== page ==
Being committed to talent development helps credit unions successfully execute their missions. Here’s how this idea extends to the charitable organizations that CUs support.
Leadership matters because leaders who inspire extraordinarily performing teams are the ultimate advantage for any organization—whether that organization is a business, a nonprofit or a sports team.
In this article from Inc. magazine, author Lee J. Colan, Ph.D., acknowledges that it might be hard to believe that one factor can have such a profound impact on performance. But, he notes, our daily experiences—and plenty of research—prove over and over that inspiring leaders boost organizational success.
Co-founder of The L Group, Colan cites a study “of 30,000 leaders that found the top 10% of leaders generated twice the net income as the middle 80%. The study also identified one critical competency that distinguished the top tenth percentile of leaders from the rest: the ability to inspire and motivate others to high performance.”
Organizations debate whether they must hire “born” leaders to inspire team performance—or whether they can develop them through formal education approaches or on-the-job learning experiences. Illustratively, when The Center for Creative Leadership researched this question, asking 361 C-level executives “Are leaders born or made?” Nineteen percent of respondents believed that leaders are more born, 52% believed they are more made, and 29% believed that leaders are about equally born and made.
But, this CCL article emphasizes, this can be a moot point. “Regardless of how you answer the question ‘Are leaders born or made?’ you can continue to improve your organization’s leadership bench strength by providing your team with access to varied developmental experiences,” the article says. “When you make sure that your people have adequate access to developmental experiences, coaching, mentoring, training and other leadership experiences, they have the opportunity to learn and become better leaders. Whether these experiences draw out and boost natural abilities or create new leadership skills may be debated—but either way, the organization benefits.”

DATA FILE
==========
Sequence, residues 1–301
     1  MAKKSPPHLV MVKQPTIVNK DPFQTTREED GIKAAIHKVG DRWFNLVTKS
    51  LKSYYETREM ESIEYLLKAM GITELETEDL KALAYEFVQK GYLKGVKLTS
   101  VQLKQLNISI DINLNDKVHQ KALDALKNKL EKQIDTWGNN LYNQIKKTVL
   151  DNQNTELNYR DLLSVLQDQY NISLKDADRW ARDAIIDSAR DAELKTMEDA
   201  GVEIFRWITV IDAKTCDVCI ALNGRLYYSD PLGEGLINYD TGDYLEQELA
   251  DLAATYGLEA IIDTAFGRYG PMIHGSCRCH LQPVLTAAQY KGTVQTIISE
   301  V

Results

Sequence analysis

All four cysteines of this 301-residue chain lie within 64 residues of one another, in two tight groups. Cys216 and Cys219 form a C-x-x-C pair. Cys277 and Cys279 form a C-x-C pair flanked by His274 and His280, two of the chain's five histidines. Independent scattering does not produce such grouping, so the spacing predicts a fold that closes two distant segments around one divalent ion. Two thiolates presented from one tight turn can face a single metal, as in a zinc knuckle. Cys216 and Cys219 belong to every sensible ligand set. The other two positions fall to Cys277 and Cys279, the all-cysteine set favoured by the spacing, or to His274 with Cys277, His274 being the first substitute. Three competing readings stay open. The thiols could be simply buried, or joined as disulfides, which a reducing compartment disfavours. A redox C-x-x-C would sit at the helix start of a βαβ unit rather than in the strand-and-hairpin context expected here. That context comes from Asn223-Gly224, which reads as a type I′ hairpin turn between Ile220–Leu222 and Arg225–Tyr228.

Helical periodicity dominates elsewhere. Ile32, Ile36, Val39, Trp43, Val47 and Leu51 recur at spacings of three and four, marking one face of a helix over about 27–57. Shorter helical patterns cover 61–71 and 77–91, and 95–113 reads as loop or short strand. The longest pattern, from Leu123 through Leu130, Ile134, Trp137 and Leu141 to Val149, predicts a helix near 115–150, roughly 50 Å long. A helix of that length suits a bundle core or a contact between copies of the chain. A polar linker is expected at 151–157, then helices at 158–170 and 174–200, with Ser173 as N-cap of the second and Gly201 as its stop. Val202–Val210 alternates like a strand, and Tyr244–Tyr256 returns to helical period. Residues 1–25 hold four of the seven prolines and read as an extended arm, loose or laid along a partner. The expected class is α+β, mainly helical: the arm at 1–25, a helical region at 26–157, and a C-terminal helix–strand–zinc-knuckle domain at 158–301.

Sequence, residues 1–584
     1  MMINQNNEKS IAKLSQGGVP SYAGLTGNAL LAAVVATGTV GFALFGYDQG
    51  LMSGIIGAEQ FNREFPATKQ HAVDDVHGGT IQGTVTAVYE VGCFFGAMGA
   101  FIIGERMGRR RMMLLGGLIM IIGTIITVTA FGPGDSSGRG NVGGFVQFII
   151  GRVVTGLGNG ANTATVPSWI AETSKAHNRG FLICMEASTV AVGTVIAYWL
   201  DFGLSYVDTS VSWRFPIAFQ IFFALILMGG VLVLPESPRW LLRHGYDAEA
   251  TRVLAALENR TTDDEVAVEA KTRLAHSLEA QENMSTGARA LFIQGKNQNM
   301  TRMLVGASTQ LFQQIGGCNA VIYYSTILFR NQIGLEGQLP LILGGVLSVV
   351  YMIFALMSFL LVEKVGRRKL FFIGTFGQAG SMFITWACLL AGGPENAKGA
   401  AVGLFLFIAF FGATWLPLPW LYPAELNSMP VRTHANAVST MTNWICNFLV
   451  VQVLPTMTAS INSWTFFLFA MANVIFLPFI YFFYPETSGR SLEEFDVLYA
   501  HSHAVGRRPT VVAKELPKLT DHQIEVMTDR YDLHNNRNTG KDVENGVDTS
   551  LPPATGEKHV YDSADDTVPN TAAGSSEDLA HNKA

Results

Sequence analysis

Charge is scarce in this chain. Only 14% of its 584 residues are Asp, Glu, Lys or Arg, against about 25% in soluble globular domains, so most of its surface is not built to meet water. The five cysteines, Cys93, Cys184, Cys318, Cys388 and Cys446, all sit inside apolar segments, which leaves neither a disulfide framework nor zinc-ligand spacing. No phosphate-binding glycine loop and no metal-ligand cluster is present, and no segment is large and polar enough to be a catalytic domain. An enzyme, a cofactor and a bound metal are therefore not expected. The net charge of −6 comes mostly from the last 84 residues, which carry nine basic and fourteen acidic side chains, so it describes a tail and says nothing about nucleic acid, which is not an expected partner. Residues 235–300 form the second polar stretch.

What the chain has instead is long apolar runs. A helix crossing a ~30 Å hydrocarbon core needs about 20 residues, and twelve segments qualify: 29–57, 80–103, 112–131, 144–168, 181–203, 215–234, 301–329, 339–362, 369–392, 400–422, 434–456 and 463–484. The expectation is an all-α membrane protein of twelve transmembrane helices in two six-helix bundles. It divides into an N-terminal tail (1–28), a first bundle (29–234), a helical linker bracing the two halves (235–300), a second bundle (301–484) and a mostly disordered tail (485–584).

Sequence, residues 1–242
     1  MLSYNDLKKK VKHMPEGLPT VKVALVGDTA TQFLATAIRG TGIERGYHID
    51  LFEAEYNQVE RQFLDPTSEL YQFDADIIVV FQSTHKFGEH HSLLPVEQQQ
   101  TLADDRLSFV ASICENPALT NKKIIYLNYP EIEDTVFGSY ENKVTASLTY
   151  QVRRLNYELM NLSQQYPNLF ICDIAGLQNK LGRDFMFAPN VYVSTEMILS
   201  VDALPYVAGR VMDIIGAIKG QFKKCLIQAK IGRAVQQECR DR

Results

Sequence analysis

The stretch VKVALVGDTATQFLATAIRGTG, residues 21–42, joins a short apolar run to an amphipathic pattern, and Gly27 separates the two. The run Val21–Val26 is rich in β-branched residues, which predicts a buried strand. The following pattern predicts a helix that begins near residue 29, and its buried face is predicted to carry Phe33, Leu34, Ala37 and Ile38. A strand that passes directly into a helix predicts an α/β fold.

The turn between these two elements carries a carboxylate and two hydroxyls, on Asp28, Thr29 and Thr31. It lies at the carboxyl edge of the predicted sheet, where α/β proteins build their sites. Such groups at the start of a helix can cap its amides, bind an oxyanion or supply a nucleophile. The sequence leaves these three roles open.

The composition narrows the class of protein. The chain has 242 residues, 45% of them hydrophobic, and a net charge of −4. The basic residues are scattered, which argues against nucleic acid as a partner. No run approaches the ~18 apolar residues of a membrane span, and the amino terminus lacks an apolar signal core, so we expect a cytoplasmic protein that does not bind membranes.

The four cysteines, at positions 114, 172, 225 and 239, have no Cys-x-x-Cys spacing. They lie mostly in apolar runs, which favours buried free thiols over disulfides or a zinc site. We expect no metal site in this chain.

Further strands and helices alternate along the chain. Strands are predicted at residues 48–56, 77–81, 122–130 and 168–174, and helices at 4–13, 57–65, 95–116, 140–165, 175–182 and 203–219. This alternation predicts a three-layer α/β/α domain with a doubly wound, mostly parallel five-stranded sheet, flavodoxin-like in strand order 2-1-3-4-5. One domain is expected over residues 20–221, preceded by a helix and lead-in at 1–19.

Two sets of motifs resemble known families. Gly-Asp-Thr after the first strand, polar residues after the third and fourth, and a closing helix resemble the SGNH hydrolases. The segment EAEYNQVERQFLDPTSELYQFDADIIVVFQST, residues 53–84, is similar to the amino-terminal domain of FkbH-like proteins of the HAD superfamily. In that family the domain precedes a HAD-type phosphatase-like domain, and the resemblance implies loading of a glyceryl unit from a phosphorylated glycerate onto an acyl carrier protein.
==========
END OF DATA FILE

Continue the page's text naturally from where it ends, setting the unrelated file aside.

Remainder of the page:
At CUES, we have a great deal of evidence that learning can boost leaders’ skills and their ability to inspire their teams. One example is a mid-level compliance staffer who boosted her engagement at work by taking 42 online leadership courses. Another is a CEO who told us his board had sent him to our flagship executive development program so he could learn how to save his small credit union—and it was working.
We deeply appreciate all of you in the credit union industry who are committed to your own development and that of your teams. We’re now offering you the opportunity to think about leadership development even more broadly.
What if the community organization or nonprofit your credit union believes in the most could develop its leaders and team members like you do at your credit union? Imagine how much more effective your favorite charity could be in delivering on its mission if it were developing its people to their fullest potential. Our new division, TalentED, works with nonprofits to develop the leadership potential of their executive teams, board members, and staff. I hope you’ll check it out and consider helping your partner nonprofit organizations connect with the TalentED team.
Since joining CUES in March 2013, John Pembroke has played a leadership role in developing and launching a new direction in CUES’ strategy, branding and culture. Under his guidance, CUES has revamped its membership structure and launched new institutes. Additionally, CUES has expanded its market further into Canada and the Caribbean. Pembroke’s experience includes 25 years in financial services, marketing and e-commerce. He also has served as chief marketing officer at PSCU Financial Services, St. Petersburg, Florida. Pembroke holds a B.S. in Economics from the Wharton School of Business of the University of Pennsylvania and an MBA in Marketing and Policy Studies from the Booth School of Business of the University of Chicago.